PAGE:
We propose to conduct an in-depth, five-year, ethnographic study of rural communities and families, infants, and children embedded within them. Our ethnographic study comprises two components. The first is a community ethnography involving in-depth contextual appraisals of community characteristics hypothesized to affect families' and children's lives. These appraisals will be conducted for a period of five years in selected communities and at the county level in the program project's six focal localities--Blair, Cambria, and Huntington counties in Pennsylvania; and Wilson, Wayne, and Sampson counties in North Carolina. The second component is a family ethnography involving intensive interviews and participant observation with 72 families distributed equally across the six counties. Our sample of families will mirror those involved in the program project core in terms of poverty status, locality and race/ethnicity, with the exception that we will purposively recruit expectant mothers and their families, 33% of whom also have children age 2-4. We will follow the sample intensively for five years. By employing this design, the ethnography will gather data on target infants while simultaneously generating insights on a subsample of toddler and preschool siblings. In doing so, the ethnography maintains a subsample of children that will be developmentally ahead"""""""" of the target children involved in the program project core, better enabling the core to use the ethnographic data to inform the conceptual models and the selection of measures they plan to use in evaluating the core sample of children through their preschool years. Our conceptual and methodological approaches for the proposed ethnography are embedded in the model """"""""Structured Discovery."""""""" Structured discovery is a highly successful set of strategies that we developed and are using to conduct a large interdisciplinary, multi-investigator, multi-site ethnographic study of poor and welfare-dependent urban families--Welfare, Children, and Families: A Three-City Study.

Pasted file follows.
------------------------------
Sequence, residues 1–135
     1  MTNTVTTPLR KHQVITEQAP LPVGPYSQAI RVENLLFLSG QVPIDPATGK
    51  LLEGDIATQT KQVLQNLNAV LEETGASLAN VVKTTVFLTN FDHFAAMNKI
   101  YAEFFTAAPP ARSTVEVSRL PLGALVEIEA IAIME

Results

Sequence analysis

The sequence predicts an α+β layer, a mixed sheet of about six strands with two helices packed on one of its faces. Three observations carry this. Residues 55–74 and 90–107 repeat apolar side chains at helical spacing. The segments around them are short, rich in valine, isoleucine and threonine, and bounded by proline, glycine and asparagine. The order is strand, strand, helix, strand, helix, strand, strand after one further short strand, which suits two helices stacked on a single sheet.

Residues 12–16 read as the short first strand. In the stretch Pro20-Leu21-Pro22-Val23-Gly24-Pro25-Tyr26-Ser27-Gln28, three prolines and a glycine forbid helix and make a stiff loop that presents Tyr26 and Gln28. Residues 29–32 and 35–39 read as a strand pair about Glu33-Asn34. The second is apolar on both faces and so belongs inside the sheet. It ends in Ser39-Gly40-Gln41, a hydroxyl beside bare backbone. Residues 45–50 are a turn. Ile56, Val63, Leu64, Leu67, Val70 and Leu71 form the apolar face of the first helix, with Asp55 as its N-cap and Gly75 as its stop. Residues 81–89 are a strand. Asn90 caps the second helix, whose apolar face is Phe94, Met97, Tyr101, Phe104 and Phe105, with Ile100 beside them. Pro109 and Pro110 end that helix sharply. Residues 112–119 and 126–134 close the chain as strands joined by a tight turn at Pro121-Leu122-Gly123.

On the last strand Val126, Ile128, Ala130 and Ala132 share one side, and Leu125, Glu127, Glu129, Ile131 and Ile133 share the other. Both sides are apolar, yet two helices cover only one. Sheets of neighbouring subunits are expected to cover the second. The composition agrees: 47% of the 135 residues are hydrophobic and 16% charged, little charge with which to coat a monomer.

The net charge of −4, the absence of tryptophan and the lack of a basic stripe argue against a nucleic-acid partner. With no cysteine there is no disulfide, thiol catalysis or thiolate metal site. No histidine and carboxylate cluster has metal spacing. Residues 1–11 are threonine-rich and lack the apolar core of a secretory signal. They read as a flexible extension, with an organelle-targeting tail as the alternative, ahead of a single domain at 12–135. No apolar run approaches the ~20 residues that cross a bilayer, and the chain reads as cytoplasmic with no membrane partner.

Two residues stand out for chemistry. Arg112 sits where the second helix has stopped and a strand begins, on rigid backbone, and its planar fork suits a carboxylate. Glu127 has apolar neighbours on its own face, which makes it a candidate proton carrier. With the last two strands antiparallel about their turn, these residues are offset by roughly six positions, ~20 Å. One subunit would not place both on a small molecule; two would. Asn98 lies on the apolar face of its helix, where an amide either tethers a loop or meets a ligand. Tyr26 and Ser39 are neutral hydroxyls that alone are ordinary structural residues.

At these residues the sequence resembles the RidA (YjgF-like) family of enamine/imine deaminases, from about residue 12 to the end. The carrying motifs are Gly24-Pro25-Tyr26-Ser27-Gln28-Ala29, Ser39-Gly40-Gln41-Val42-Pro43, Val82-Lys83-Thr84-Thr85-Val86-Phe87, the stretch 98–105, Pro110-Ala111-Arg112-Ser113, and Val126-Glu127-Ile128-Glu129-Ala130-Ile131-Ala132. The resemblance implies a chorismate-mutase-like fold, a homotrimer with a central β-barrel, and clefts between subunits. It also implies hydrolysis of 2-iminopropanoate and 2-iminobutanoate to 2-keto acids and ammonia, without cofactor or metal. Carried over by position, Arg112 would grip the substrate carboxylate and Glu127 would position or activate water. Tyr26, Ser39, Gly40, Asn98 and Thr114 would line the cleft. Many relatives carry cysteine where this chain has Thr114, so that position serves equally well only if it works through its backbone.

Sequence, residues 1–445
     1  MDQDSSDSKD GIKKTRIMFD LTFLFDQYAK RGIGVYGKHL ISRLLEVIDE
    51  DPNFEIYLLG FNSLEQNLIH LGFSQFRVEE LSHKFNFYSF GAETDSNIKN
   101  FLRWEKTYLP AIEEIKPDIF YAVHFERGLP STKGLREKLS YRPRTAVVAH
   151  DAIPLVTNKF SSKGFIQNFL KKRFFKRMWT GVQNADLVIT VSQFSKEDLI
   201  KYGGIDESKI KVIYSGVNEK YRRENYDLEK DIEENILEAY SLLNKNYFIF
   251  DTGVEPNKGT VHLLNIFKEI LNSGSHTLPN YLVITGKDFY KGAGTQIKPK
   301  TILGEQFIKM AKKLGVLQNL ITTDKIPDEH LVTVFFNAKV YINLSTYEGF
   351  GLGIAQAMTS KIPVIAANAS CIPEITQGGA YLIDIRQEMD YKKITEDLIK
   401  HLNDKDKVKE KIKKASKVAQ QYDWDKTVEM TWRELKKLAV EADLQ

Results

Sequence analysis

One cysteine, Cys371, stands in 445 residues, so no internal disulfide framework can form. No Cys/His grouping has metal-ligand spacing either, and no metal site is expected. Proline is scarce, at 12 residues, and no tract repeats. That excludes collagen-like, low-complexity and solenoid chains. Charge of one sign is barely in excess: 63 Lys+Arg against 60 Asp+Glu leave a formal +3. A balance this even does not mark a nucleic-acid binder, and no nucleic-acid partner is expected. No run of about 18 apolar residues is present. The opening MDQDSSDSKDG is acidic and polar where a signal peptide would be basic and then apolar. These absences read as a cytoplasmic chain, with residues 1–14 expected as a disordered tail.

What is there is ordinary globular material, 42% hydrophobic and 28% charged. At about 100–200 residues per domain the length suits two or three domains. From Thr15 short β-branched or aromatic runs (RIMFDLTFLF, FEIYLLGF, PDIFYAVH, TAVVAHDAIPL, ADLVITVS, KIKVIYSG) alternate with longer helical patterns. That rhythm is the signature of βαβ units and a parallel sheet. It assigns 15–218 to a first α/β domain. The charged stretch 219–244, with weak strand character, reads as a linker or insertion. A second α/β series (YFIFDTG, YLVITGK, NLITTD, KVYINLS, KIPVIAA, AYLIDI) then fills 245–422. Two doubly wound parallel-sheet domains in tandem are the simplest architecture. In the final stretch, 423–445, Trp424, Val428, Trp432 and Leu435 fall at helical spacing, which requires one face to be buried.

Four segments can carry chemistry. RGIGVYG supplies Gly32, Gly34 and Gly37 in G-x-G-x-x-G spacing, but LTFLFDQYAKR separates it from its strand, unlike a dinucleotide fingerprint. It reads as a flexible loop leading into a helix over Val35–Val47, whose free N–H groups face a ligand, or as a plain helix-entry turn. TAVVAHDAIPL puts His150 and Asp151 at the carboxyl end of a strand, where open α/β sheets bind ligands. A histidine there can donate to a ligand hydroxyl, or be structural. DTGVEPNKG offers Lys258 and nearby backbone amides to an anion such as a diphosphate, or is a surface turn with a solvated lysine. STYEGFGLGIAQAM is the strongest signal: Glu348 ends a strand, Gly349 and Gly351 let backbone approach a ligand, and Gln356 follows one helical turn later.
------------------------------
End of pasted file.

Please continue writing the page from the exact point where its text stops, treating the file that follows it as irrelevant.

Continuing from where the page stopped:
Agency
National Institute of Health (NIH)
Institute
Eunice Kennedy Shriver National Institute of Child Health & Human Development (NICHD)
Type
Research Program Projects (P01)
Project #
1P01HD039667-01A1
Application #
6615001
Study Section
Special Emphasis Panel (ZHD1)
Project Start
2002-07-01
Project End
2007-06-30
Budget Start
Budget End
Support Year
1
Fiscal Year
2002
Total Cost
Indirect Cost
Name
University of North Carolina Chapel Hill
Department
Type
DUNS #
078861598
City
Chapel Hill
State
NC
Country
United States
Zip Code
27599
McKinnon, Rachel D; Blair, Clancy; Family Life Project Investigators (2018) Does early executive function predict teacher-child relationships from kindergarten to second grade? Dev Psychol 54:2053-2066
Perry, Rosemarie E; Finegood, Eric D; Braren, Stephen H et al. (2018) Developing a neurobehavioral animal model of poverty: Drawing cross-species connections between environments of scarcity-adversity, parenting quality, and infant outcome. Dev Psychopathol :1-20
Gueron-Sela, Noa; Camerota, Marie; Willoughby, Michael T et al. (2018) Maternal depressive symptoms, mother-child interactions, and children's executive function. Dev Psychol 54:71-82
Gatzke-Kopp, Lisa M; Ram, Nilam; Lydon-Staley, David M et al. (2018) Children's Sensitivity to Cost and Reward in Decision Making Across Distinct Domains of Probability, Effort, and Delay. J Behav Decis Mak 31:12-24
Daneri, M Paula; Blair, Clancy; Kuhn, Laura J et al. (2018) Maternal Language and Child Vocabulary Mediate Relations Between Socioeconomic Status and Executive Function During Early Childhood. Child Dev :
Zvara, Bharathi J; Macfie, Jenny; Cox, Martha et al. (2018) Mother-child role confusion, child adjustment problems, and the moderating roles of child temperament and sex. Dev Psychol 54:1891-1903
Gustafsson, Hanna C; Brown, Geoffrey L; Mills-Koonce, W Roger et al. (2017) Intimate Partner Violence and Children's Attachment Representations during Middle Childhood. J Marriage Fam 79:865-878
Finegood, Eric D; Rarick, Jason R D; Blair, Clancy et al. (2017) Exploring longitudinal associations between neighborhood disadvantage and cortisol levels in early childhood. Dev Psychopathol 29:1649-1662
Finegood, Eric D; Wyman, Claire; O'Connor, Thomas G et al. (2017) Salivary cortisol and cognitive development in infants from low-income communities. Stress 20:112-121
Blair, Clancy; Berry, Daniel J; FLP Investigators (2017) Moderate within-person variability in cortisol is related to executive function in early childhood. Psychoneuroendocrinology 81:88-95

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